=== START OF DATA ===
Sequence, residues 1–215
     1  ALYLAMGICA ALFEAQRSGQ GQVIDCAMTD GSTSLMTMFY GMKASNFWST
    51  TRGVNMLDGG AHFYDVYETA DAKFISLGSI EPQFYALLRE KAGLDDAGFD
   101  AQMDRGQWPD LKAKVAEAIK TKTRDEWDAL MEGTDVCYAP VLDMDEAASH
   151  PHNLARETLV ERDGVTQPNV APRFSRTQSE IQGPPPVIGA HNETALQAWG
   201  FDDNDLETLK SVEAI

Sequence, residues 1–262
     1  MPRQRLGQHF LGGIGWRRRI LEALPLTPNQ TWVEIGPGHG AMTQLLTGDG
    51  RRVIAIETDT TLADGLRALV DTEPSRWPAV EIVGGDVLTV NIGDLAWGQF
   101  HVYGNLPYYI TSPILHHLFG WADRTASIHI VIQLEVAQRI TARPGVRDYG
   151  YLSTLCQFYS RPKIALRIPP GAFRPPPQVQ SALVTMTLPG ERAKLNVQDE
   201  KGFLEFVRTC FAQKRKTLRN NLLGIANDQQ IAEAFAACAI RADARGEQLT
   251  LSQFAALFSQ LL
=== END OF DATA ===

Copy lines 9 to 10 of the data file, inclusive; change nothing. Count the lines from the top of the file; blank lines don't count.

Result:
    51  RRVIAIETDT TLADGLRALV DTEPSRWPAV EIVGGDVLTV NIGDLAWGQF
   101  HVYGNLPYYI TSPILHHLFG WADRTASIHI VIQLEVAQRI TARPGVRDYG